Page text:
If they come to the realisation themselves, it’s much more ‘sticky’ and will hold much more meaning. Rather than just nodding and agreeing with some nutter like you.
Be a touchpoint
In advertising, there is a rule about ‘touchpoints’ where most people need to be exposed to your product/service a good seven times before they even think about purchasing. The same applies to ideas.
Sometimes, months after dropping hints, I’ve had the most normie of normies gently asking me to clarify stereotypes about psychedelics:
“Is it true that you have flashbacks?”
“Is it true that you jump out of windows?”
“Is it true that it makes holes in your brain?”
And rather than scoff at their ignorance, I have relished in the opportunity to educate them and bring them closer to the all-important final touchpoint where they are, maybe, just maybe, ready to drink the Kool-Aid.
Are you touchpoint number one or touchpoint number seven? You may never know. But keep the faith that you are quietly aiding their journey towards accepting the power of psychedelics.
Don’t go down the woo-woo rabbit hole
When fellow psychonauts get together, we can gleefully wax lyrical about multi-dimensions, shape-shifting entities, and psychic interactions with extra-terrestrials. But best keep that sort of stuff to yourself when Karen from finance is loitering around the coffee station at work, yeah?
Don't forget – normies have a penchant for familiarity, routine, and safety. And certainly not mind-expanding philosophical mysteries. Much like the ‘Bible-bashers’ of your childhood, the more you try and ram your ideas down someone’s throat, the more they will reject you – and rightly so.
If you go too hard too fast, you’ll ruin any chance of getting normies to listen to you. And once you’ve turned them off, they’ll probably stay that way for life. That’s pride for you.
Lean on scientific research
Unless you’ve been living under a rock, you’ll have heard great things about psychedelic research – from MAPS and John Hopkins Centre for Psychedelic & Consciousness Research in the US to Imperial College London and Awakn Clinics in the UK.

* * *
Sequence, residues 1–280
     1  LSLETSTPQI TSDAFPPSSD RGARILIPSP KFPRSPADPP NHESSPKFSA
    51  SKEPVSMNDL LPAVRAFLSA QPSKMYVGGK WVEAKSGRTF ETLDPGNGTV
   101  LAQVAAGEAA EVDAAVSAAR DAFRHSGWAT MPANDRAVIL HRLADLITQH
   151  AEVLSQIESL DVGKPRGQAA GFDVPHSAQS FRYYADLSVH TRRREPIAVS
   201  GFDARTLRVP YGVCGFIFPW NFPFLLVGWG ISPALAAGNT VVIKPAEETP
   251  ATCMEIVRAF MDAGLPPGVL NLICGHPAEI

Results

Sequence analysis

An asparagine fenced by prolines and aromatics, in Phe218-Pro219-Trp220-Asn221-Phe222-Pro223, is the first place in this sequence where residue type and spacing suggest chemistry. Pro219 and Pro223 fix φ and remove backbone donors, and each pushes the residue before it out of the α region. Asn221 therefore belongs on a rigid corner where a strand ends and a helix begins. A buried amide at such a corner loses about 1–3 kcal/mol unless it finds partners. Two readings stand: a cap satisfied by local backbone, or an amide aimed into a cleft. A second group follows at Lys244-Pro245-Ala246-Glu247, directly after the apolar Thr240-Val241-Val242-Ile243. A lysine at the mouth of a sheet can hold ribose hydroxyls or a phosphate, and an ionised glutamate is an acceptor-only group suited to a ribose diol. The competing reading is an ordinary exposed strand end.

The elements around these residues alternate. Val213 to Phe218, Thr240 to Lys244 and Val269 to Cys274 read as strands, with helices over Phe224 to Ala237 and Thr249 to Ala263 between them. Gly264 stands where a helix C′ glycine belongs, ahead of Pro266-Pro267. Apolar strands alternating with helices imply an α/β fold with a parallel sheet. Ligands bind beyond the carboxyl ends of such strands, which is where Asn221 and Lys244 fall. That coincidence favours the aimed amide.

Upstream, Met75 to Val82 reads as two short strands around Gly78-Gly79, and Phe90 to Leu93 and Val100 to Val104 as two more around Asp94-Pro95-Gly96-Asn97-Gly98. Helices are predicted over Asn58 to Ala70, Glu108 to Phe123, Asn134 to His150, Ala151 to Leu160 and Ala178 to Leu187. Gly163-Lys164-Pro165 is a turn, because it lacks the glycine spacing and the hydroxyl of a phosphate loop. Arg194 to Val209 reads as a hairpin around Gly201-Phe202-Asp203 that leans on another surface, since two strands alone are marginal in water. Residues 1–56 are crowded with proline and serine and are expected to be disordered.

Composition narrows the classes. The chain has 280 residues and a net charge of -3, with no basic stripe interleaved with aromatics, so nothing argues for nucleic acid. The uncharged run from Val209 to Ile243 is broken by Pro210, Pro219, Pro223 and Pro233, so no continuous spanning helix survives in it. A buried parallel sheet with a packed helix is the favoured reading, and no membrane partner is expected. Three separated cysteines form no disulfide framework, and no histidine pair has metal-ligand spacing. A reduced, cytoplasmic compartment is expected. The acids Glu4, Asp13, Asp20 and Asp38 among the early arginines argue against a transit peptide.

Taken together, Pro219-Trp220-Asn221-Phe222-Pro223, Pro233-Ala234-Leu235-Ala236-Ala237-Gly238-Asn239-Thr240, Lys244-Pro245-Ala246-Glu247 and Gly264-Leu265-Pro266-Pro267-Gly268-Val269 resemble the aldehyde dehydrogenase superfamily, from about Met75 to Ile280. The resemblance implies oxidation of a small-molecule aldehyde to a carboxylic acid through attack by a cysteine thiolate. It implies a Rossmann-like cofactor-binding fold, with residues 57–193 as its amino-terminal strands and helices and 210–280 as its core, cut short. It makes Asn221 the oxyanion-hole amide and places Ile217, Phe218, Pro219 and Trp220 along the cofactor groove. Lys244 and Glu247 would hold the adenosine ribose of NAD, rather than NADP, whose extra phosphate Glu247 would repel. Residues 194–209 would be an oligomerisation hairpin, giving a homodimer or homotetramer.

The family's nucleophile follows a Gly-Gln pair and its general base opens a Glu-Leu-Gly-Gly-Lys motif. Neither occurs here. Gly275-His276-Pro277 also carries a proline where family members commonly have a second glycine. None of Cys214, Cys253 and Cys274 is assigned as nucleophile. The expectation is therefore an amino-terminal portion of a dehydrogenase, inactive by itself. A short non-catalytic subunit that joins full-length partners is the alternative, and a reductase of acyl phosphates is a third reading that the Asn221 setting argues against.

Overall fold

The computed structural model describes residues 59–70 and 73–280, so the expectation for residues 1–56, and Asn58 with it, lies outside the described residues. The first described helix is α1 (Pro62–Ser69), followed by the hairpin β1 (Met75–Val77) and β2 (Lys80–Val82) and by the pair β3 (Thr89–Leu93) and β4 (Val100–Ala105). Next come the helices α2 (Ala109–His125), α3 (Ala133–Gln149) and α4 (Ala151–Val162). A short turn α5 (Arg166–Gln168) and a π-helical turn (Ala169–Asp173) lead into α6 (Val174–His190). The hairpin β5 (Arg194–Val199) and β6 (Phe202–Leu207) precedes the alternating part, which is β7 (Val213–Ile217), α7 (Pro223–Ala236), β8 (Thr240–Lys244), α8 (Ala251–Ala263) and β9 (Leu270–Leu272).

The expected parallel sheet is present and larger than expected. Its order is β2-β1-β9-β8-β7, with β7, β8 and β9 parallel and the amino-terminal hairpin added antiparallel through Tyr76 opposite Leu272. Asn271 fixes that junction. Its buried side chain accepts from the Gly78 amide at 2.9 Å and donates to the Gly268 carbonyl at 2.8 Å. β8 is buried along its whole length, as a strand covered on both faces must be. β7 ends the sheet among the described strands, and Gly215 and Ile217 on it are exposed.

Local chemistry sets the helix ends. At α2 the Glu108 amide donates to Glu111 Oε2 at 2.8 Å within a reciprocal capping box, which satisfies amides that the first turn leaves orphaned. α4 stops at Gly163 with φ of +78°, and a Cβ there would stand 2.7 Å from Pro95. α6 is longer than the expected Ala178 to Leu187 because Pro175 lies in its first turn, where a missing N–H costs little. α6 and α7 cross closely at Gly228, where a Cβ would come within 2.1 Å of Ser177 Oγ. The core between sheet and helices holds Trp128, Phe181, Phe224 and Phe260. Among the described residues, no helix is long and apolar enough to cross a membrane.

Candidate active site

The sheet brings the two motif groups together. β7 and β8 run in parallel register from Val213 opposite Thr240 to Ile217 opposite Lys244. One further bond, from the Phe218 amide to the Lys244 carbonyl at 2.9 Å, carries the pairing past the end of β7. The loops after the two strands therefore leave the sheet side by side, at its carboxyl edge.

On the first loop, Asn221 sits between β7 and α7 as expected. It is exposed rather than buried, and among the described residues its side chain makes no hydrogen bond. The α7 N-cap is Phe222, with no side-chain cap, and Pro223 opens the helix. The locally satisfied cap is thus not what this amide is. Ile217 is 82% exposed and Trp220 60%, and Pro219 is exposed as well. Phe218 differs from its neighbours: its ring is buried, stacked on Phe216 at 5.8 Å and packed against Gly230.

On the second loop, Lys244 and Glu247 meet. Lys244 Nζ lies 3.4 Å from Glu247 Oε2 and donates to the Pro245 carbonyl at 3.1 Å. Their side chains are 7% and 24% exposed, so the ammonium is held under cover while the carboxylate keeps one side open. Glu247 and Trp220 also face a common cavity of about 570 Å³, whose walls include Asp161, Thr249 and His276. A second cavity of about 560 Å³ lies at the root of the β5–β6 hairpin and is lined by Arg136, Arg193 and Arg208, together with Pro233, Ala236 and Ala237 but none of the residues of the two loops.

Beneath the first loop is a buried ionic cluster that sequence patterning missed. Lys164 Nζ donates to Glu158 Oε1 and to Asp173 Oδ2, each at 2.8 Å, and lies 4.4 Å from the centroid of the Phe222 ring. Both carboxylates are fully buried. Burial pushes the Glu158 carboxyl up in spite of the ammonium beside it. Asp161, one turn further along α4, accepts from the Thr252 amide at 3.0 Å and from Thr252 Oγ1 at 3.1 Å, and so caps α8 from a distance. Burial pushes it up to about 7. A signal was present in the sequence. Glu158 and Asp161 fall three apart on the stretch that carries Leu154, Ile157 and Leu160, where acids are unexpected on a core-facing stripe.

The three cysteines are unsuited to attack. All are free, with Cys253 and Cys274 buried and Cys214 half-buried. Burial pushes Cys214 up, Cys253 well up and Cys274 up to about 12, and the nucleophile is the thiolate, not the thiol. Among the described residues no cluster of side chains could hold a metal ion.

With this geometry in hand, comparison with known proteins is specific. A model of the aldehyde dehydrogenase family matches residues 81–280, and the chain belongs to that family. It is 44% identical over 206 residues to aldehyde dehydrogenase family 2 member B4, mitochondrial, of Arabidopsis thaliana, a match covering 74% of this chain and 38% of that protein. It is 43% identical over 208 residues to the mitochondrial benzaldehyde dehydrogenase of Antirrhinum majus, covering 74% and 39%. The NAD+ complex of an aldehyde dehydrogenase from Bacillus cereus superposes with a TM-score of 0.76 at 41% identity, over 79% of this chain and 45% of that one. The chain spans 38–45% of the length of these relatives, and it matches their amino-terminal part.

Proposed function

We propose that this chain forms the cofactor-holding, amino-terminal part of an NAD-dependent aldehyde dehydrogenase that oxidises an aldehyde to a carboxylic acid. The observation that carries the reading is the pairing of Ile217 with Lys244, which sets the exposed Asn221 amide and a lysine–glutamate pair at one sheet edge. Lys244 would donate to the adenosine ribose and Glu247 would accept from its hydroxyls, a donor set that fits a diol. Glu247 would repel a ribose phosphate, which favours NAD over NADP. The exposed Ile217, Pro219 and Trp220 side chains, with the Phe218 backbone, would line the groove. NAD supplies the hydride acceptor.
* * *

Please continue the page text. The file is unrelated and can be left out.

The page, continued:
So, when you’re confronted with a wall of cynicism and old-school propaganda, just causally drop in a few headline stats and statements. Once they hear that ‘men in white coats’ have discovered that psilocybin can stop people smoking, or that MDMA can alleviate PTSD, or that Ketamine can help treatment-resistant depression, or that DMT is currently being trialled to treat alcoholism, they might begin to listen.
Normies may begin the conversation by thinking that psychedelics are all about “turning on, tuning in and dropping out”. But after a friendly chat with you, they may realise that they’ve been fooled by decades of malevolent government campaigning and that the future of psychedelics is legitimately promising.
Some people will never be ready for psychedelics
Just because psychedelics have changed your life, they are not for everyone. Some people (at least in this incarnation) will never be ready to be so close to that sort of profundity. As Carl Jung said: “Beware of unearned wisdom.”
Plus, make sure you’re respectful of other people’s journeys. We’re all autonomous, sovereign beings, walking towards the light at our own pace. Besides, I fully believe that the plants and the mycelial network are reaching around the globe anyway.
So, there’s no need for us to shout from rooftops.